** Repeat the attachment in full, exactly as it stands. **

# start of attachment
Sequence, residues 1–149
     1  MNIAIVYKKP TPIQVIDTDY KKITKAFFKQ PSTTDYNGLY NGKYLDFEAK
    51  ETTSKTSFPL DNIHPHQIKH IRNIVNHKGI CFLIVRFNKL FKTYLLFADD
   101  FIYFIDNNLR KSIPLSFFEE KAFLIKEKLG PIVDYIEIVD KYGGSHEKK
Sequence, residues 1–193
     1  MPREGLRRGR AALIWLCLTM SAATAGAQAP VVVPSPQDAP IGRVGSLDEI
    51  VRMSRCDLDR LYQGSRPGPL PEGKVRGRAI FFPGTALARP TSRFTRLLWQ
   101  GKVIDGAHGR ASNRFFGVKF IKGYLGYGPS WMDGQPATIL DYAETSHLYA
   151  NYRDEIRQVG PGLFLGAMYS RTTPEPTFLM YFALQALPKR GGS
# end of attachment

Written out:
Sequence, residues 1–149
     1  MNIAIVYKKP TPIQVIDTDY KKITKAFFKQ PSTTDYNGLY NGKYLDFEAK
    51  ETTSKTSFPL DNIHPHQIKH IRNIVNHKGI CFLIVRFNKL FKTYLLFADD
   101  FIYFIDNNLR KSIPLSFFEE KAFLIKEKLG PIVDYIEIVD KYGGSHEKK
Sequence, residues 1–193
     1  MPREGLRRGR AALIWLCLTM SAATAGAQAP VVVPSPQDAP IGRVGSLDEI
    51  VRMSRCDLDR LYQGSRPGPL PEGKVRGRAI FFPGTALARP TSRFTRLLWQ
   101  GKVIDGAHGR ASNRFFGVKF IKGYLGYGPS WMDGQPATIL DYAETSHLYA
   151  NYRDEIRQVG PGLFLGAMYS RTTPEPTFLM YFALQALPKR GGS